Family New World Vultures (Cathartidae)

Near Threatened

Andean Condor (Vultur gryphus)


French: Condor des Andes German: Andenkondor Spanish: Cóndor andino

Vultur gryphus


, 1758,





Santa Marta Mts and Sierra de Perijá (N Colombia and NW Venezuela); Andes from Venezuela (Mérida) to Tierra del Fuego, descending to sea-level in Peru and Chile.

Descriptive notes

100–130 cm; female 8000–11,000 g, male 11,000–15,000 g; wingspan 260–320 cm. The only American vulture to show sexual dimorphism: male has large (... read more


Clucking sounds made during courtship, and a variety of low hissing or staccato rattlings sounds... read more


Mainly high mountains, including highest peaks, to at least 5000 m, but usually over open grassland... read more

Food and feeding

Mainly carrion from large- and medium-sized mammals, such as guanacos (Lama guanicoe), domestic and, increasingly, exotic... read more


Poorly known. Lays Apr–Oct in Colombia, Feb–Jun in Peru, Sept–Oct in Chile. Nests in shallow caves on cliff ledges,... read more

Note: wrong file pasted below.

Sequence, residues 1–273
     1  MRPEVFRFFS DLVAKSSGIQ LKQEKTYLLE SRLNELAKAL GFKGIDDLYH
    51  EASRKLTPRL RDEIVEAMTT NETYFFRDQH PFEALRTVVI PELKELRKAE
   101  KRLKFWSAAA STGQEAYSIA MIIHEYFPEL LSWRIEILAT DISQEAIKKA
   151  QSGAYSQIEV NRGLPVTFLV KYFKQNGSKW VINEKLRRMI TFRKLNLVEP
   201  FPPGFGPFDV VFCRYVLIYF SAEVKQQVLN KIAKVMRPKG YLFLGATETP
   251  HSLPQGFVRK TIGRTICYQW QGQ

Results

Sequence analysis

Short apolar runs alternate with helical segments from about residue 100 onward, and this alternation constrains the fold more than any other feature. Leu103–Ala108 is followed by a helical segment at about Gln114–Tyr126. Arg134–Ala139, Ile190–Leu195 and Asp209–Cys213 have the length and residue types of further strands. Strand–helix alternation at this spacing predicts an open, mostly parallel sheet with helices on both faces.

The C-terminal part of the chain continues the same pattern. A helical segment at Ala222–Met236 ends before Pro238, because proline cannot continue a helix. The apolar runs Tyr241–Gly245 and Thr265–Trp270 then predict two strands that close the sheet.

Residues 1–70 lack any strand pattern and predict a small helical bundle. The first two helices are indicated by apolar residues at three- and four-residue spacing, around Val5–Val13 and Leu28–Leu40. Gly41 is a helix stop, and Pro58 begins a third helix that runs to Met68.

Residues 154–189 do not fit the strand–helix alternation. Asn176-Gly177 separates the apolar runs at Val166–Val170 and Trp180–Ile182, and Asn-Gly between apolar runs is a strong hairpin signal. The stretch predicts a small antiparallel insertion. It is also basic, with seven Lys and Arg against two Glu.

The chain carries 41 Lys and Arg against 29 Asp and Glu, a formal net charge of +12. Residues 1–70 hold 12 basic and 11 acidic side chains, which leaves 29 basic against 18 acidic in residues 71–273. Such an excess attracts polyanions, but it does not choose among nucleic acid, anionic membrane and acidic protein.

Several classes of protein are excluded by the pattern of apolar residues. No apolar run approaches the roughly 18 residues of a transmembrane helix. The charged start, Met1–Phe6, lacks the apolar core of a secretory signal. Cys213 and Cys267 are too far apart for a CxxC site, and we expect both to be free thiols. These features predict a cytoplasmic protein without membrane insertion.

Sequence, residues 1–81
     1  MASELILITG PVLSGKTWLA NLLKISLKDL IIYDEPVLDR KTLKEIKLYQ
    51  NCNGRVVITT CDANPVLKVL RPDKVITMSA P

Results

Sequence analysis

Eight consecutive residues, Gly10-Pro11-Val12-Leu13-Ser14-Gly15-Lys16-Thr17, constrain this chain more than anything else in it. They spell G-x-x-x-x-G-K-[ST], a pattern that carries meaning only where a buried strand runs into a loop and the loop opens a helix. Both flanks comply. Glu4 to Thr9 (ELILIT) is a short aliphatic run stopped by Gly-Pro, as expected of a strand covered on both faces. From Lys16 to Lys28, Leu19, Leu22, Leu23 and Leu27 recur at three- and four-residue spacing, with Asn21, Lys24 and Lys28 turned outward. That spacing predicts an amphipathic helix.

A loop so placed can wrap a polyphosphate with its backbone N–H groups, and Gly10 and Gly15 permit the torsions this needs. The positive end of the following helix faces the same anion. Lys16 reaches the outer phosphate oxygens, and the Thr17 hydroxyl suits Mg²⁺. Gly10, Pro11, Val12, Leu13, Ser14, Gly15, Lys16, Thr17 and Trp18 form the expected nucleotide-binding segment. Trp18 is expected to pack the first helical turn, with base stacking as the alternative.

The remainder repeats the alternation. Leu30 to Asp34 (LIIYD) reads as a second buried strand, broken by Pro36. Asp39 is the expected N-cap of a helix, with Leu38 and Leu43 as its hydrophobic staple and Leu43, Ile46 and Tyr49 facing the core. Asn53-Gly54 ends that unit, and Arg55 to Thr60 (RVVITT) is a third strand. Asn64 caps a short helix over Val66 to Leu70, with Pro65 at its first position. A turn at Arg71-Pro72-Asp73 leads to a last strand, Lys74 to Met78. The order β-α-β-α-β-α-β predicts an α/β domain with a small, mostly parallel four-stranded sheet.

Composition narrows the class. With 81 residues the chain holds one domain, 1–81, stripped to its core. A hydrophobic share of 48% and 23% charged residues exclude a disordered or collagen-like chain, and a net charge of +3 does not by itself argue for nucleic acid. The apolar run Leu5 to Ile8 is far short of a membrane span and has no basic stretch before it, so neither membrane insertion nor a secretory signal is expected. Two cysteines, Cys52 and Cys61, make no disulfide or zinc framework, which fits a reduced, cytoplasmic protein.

Forages very widely, and must cover great distances, e.g. recorded twice in Bolivian Chaco, 100 km... read more

Status and conservation

Not globally threatened. Currently considered Near Threatened. CITES I. Poorly known, but uncommon and almost certainly declining over most of its range. Global population... read more

Recommended citation

Houston, D., Kirwan, G.M., Christie, D.A. & Sharpe, C.J. (2020). Andean Condor (Vultur gryphus). In: del Hoyo, J., Elliott, A., Sargatal, J., Christie, D.A. & de Juana, E. (eds.). Handbook of the Birds of the World Alive. Lynx Edicions, Barcelona. (retrieved from on 21 February 2020).